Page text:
Question: Mr. Foreign Minister, for the past week violent clashes have occurred between Azerbaijan and your country Armenia. The two countries have been at loggerheads for decades now over the fate of the Nagorno-Karabakh region. However unlike in previous flare ups the latest round of violence has occurred far from this disputed region – at the north of the border between the two countries. At least 16 people have lost their lives – the worst death toll since 2016. We have seen a lull in the fighting for the past few days. Are you optimistic that the fighting is now over or you are still concerned that it could resume very soon?
Zohrab Mnatsakanyan: Thank you very much. Indeed we had a situation over the past week: on 12th of July, we had an attempted aggression, attempted infiltration of the Armenian positions by the Azerbaijani armed forces across the Armenia-Azerbaijan border to the north-east of Armenia. This has been decisively thwarted. It has been followed subsequently by missile attacks at Armenian positions, also civilian infrastructure and the population.
We have been decisive in our defense. And we have also been working very hard with our partners with the OSCE Minsk Group Co-Chairmanship, comprising France, the United States and Russia, in order to halt the hostilities and in order to restore the ceasefire.
Now what happened in fact is a material manifestation of the ongoing warmongering and hate induced rhetoric that was very intense over the past weeks and months from Azerbaijan. Apparently they have been testing the resolve and the capacities of Armenia far from Nagorno-Karabakh. And this was, of course, a very dangerous development.
We have managed to calm the situation so far. Since Thursday we have again through the engagement of the Co-Chairs, the Russian Co-Chairmanship in strong coordination with the other partner France and the US, we have managed to restore ceasefire. This is again a shaky situation. So far it is holding and our intention is to make sure that we firmly restore ceasefire. In fact take further specific measures to reinforce the ceasefire regime and to deny any further challenge to the calm across the border and across the line of contact in Nagorno-Karabakh. This is, of course, a very big priority that we have before us now.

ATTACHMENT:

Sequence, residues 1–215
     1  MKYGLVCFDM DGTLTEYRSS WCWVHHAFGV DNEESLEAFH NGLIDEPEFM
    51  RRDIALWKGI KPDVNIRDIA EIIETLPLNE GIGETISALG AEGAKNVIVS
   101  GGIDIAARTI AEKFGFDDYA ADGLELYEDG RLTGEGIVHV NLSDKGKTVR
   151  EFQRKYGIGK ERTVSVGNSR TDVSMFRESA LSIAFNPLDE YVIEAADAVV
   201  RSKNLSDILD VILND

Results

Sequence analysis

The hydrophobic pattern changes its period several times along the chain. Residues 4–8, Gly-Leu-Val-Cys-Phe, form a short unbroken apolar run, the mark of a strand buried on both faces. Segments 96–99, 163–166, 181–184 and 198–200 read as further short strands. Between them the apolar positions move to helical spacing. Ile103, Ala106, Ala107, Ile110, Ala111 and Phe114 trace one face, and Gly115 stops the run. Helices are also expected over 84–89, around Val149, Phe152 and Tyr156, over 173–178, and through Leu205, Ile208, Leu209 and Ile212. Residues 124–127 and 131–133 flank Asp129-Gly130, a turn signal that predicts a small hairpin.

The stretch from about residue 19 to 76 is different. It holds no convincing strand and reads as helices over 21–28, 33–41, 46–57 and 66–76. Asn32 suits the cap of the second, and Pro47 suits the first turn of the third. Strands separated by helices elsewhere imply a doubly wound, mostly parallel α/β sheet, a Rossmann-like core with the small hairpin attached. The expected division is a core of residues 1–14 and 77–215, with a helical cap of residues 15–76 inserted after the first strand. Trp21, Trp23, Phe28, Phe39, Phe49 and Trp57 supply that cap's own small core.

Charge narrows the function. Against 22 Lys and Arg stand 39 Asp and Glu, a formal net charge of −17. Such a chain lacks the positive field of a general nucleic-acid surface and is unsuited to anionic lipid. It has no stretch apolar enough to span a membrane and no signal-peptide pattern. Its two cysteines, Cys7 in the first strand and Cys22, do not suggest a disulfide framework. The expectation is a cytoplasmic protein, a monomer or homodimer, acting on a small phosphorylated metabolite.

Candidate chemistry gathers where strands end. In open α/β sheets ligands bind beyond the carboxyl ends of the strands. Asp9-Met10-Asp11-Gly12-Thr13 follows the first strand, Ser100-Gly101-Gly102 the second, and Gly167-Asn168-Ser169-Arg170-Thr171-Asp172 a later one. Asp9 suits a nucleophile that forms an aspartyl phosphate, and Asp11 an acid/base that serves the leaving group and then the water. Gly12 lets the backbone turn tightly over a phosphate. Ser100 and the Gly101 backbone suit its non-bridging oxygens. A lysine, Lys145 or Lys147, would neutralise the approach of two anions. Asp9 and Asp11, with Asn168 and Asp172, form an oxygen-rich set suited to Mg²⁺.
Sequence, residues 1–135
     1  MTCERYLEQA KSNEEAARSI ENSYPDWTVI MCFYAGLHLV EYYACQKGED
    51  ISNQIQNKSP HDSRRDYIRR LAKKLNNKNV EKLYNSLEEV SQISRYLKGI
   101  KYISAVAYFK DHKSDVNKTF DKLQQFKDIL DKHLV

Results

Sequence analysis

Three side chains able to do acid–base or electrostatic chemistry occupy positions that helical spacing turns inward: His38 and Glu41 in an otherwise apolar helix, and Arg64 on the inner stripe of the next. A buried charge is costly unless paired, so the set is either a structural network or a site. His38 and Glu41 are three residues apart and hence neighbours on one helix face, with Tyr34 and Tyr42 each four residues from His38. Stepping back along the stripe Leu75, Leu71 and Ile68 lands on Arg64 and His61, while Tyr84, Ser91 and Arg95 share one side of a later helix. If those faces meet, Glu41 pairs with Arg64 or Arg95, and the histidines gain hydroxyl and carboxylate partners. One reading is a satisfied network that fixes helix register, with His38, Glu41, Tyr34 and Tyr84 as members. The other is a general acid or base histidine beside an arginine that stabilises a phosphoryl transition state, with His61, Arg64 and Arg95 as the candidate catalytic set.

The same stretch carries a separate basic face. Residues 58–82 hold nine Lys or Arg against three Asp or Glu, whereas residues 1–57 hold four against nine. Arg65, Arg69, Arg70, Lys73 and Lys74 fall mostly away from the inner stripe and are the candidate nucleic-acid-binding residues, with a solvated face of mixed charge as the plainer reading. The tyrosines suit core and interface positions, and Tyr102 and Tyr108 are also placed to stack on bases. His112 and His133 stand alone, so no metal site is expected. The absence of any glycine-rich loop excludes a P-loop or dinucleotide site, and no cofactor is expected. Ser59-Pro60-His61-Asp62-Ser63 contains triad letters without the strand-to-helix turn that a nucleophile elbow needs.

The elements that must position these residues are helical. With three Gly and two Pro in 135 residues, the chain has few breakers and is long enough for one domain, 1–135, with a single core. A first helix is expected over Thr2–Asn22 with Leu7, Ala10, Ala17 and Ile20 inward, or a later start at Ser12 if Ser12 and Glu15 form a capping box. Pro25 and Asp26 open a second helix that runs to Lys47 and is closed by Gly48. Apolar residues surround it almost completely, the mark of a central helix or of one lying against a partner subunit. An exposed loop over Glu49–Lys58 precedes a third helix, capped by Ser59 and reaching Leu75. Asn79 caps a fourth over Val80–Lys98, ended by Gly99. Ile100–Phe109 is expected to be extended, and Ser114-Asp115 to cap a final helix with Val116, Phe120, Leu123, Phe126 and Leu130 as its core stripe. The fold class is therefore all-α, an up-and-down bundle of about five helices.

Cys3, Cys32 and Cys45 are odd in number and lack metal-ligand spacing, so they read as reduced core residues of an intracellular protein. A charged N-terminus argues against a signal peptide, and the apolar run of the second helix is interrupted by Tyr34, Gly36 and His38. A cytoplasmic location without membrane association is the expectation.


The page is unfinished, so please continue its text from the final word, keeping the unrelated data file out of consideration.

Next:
Question: Azerbaijan says that you started the fighting. It has also threatened to strike the nuclear plant, the Metsamor Nuclear Plant, if you continue what they call your “provocations.” What is your response to that?
Zohrab Mnatsakanyan: Well, on the first question. We have been quite insistent on establishing measures to reduce risks of escalation and to investigate ceasefire violations. We are very insistent on that. We are very insistent on further measures including the expansion of monitoring, the establishment of a direct line on the ground. And those are the measures that will help us to control the ceasefire regime. Azerbaijan has not been very forthcoming to accept those proposals and to establish such measures which would deny opportunities for further ceasefire violations. So, once again I am calling upon them to come to reason and to accept those proposals, and to work with us towards strengthening the ceasefire regime.
So far as the threats to the nuclear power plant are concerned, I think this is a very vivid manifestation of irresponsibility, of threat to the broader region, a threat in fact to their own people. This is very disturbing and this demonstrates a crisis of reason. And I think it is very important that they come to their senses in Baku.
Question: Who is responsible? I imagine you are pointing the finger at Azerbaijan’s leader Ilham Aliyev who has publicly said a couple of weeks ago that the efforts to bring a peaceful solution were leading nowhere, or are you also thinking that Turkey’s president Rejep Tayyip Erdogan might be the real reason for what happened at the border?
Zohrab Mnatsakanyan: Well, I would reiterate in very strong terms Armenia’s full commitment to the strictly peaceful resolution of the Nagorno-Karabakh conflict. The war is not an option. The war is a total catastrophe for the entire region. Armenia is capable to defend. Nagorno-Karabakh is capable to defend. But war should be totally ruled out in this. We are fully committed to the peaceful resolution of the conflict in a way that needs the interests of Armenia and Nagorno-Karabakh in equal measure as it is expected for Azerbaijan. This is the compromise-based solution that we are working for and we will continue to invest every effort in the peaceful settlement. This has been and remains the commitment of Armenia.